Connect. Collaborate. Risk. Innovate.

Connect. Collaborate. Risk. Innovate.

Wednesday, 21 May 2014

The People Behind the Program

          It's not about the program, it's about the people. Trust, open communication and consummate professionalism. These are all attributes exemplified by my fellow Learning Partners. I am fortunate to work alongside colleagues who have volunteered, in the midst of often incredibly busy and demanding schedules, to offer support to their fellow teachers.

          Learning Partners currently consists of nine teachers, representing eight different departments. In addition to volunteering their time as Learning Partners, they are department leaders, coaches, committee members, and club sponsors. Oh, and they are also all full time teachers who are supporting students, planning, marking, meeting with parents, engaging in ongoing professional development and carefully balancing numerous other roles and responsibilities. And I know many of them will be quietly, and politely, horrified that I am writing this blog. Because they are also incredibly humble. 
          In the midst of writing the final report for a district action research inquiry that explores the impact of increased teacher engagement in peer-mentoring and collaborative opportunities, I have had the chance to reflect on the successes and the challenges of our Learning Partners program as it continues to evolve. And as with any new initiative, we have had our share of both. But at the very core, or more appropriately, the heart of this program, is the people- remarkably resilient, caring and resourceful people who have openly and honestly shared suggestions, concerns and questions over this past year. 
          I am pleased to share that with the ongoing commitment and dedication of each of the Learning Partners, as well as with the continued support of our colleagues and administration, Learning Partners is planning to expand in the 2014-15 school year as we move to integrate teacher inquiry into our current peer-mentoring and collaborative model. As well, we will be looking to add additional members to our team. I am excited to see what this next year will bring as we continue on our journey to support a culture of collaboration and trust at Sullivan Heights.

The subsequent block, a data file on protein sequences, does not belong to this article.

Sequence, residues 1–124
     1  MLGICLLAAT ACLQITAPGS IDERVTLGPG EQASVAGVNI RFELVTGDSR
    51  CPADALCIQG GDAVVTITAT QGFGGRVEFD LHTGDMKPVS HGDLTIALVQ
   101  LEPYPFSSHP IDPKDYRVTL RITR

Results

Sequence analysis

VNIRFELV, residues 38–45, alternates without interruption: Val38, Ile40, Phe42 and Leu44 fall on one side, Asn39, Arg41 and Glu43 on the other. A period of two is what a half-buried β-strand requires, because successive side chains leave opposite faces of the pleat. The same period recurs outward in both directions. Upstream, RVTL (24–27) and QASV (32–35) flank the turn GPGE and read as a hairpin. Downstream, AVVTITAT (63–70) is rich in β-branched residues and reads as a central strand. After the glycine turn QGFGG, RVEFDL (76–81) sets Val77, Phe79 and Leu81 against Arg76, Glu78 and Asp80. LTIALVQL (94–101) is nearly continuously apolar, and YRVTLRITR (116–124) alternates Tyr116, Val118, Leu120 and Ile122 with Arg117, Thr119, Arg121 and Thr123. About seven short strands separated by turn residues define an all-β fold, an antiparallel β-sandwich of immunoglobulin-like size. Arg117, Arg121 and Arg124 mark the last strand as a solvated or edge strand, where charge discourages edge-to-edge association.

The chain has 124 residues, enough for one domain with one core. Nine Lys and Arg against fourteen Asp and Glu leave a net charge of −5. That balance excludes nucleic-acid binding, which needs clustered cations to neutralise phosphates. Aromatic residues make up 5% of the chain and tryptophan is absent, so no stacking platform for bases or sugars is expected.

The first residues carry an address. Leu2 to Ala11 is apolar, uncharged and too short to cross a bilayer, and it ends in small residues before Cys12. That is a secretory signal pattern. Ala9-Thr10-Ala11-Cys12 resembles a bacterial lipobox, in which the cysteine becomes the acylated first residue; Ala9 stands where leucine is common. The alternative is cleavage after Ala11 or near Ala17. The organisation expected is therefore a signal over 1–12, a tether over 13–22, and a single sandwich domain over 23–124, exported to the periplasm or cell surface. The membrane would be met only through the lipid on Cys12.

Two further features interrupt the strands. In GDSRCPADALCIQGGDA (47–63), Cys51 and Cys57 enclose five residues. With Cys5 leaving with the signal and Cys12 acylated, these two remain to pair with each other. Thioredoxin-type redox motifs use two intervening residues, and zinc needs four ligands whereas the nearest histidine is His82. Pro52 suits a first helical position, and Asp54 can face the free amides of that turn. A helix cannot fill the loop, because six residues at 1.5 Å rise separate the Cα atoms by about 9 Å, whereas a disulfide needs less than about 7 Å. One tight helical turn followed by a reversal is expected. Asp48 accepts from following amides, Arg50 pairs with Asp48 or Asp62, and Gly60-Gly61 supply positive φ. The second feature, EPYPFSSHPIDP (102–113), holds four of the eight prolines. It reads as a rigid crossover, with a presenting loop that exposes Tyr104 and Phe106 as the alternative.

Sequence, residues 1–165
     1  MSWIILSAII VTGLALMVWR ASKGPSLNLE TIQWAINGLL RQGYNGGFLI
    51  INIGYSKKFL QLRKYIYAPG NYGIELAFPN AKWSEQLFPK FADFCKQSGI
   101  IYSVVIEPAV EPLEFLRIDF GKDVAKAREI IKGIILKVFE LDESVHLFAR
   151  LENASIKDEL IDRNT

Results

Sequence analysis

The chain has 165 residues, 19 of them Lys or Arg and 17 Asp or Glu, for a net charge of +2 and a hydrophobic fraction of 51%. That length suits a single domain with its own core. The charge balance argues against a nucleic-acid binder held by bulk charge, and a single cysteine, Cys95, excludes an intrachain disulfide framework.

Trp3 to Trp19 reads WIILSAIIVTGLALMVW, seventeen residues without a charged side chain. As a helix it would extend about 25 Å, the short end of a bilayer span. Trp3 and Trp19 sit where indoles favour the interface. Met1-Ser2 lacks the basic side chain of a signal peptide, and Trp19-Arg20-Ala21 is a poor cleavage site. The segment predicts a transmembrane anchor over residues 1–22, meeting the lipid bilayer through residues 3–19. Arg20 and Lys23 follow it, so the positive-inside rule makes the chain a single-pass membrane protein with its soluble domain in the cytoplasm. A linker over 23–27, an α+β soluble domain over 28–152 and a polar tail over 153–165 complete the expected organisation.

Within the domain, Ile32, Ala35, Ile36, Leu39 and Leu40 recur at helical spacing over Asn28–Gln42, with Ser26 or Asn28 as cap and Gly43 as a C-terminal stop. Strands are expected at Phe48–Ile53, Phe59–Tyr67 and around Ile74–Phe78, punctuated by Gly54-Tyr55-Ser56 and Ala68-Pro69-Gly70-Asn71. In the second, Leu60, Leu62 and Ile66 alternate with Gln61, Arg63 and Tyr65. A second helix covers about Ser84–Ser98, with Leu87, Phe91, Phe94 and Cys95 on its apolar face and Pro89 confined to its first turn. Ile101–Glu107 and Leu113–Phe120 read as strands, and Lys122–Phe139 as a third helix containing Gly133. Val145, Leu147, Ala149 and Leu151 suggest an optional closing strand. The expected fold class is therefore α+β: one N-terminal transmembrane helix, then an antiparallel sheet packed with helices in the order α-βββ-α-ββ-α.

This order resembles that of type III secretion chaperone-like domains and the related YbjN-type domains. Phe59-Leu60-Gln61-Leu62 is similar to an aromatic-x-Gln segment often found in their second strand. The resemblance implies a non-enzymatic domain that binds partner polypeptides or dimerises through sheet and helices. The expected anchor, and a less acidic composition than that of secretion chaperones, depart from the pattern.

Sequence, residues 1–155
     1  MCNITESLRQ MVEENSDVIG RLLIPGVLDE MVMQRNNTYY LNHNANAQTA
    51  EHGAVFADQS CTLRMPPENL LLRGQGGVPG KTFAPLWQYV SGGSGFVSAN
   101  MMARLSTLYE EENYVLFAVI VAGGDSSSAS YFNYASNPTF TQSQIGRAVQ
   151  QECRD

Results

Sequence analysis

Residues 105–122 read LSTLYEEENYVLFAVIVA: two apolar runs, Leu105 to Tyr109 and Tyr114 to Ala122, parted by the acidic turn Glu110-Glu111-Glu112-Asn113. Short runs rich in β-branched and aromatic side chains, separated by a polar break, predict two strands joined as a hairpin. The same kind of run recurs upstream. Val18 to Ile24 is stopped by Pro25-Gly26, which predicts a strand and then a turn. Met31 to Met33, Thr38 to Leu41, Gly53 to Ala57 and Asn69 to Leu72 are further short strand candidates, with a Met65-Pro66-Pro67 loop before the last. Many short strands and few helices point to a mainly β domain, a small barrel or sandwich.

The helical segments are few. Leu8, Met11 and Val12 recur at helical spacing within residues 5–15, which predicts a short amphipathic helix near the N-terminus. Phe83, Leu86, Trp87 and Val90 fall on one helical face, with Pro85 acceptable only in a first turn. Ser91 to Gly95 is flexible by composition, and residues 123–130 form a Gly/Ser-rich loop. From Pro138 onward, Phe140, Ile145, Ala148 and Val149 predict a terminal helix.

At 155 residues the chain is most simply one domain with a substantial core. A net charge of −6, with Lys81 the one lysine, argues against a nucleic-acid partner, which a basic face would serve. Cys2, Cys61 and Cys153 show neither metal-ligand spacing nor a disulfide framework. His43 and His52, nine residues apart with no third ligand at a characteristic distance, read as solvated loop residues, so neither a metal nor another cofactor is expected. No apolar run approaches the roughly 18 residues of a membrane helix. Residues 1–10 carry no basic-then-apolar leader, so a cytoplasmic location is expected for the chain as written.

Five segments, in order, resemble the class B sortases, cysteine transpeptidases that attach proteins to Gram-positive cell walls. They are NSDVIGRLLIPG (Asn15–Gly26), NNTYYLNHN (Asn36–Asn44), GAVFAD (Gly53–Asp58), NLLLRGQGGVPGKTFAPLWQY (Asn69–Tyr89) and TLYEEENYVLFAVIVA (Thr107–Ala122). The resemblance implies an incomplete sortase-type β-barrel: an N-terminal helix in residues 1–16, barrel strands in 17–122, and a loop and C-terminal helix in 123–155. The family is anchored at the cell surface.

Friday, 2 May 2014

Taking the Lead

          We encourage our students to take risks every day. Raise their hand, ask the question, choose a more challenging book, take the extra lap, complete the bonus question, stand up in front of the class. But how can we ask our students to take these risks if we are not willing to step outside of our own comfort zones? At the presentation that I attended today, "The Teachability Factor: Harnessing Natural Context for Learning", Dr. Deborah MacNamara (, argued that our students "need the adults in their life to be in the lead". If this is the case, then that means that teachers already need to be where they want their students to go.

       Many of my colleagues at Sullivan Heights Secondary have taken the lead where risk taking and innovation is concerned. On April 30th, our Learning Partners program had over 30 teachers from 9 different departments participate in our second "Teacher Drop in Day", an initiative that was developed to allow teachers the rare opportunity to visit their colleagues classrooms as a method to discover and share teaching resources and strategies. For both beginner and experienced teachers, inviting another adult into your classroom can be a nerve wracking experience. And yet, what better way to share the amazing things that are happening in our classes than by allowing fellow teachers to witness them first hand? Similar to our first "Teacher Drop in Day", the initial feedback has been overwhelmingly positive. In addition to more "measurable" data, the smiles and laughter that I witnessed at our "Thank You" lunch the following day was evidence enough of the positive impact that collaborative opportunities can have.
Just a few of the amazing teachers who took part in Learning Partners "Teacher Drop in Day".
         Most rewarding was to hear from some of our more experienced teachers who had taken the risk of participating in "Teacher Drop in Day" for the first time. Several told me that they were thrilled to have the opportunity, and most especially the time, to visit colleagues' classrooms. They spoke with energy and enthusiasm about the various actives and lessons that they were able to see throughout the day. I was also enormously proud of the confidence and trust demonstrated by our beginner teachers who participated.

"Host" Poster up & ready for "Visitors"!
Visiting a Drama 11/12 class as student prepare for upcoming production.
Visiting an English 10 class as students present poetry definitions.
One teacher, who is new to Sullivan Heights this year, summed up their "Teacher Drop in Day" experience in the following email:

   "I just really wanted to thank you for planning such a cool day. Today was literally the first time I have ever seen the dance studio and probably the second or third time I have been upstairs in the school. Just seeing students in a different light, or the things that are going on in other subjects is really cool. When else would I get the chance to see Chemistry jeopardy?"

          These teachers are "taking the lead". They are modelling for their students a willingness to trust, take risks, and step outside the safe confines of their classrooms to extend their own learning. As Learning Partners continues to expand and explore new methods to encourage greater collaborative engagement at Sullivan Heights, it is these teachers who I know will continue to inspire others to open their doors and share their challenges, their successes, and their ongoing learning with their colleagues.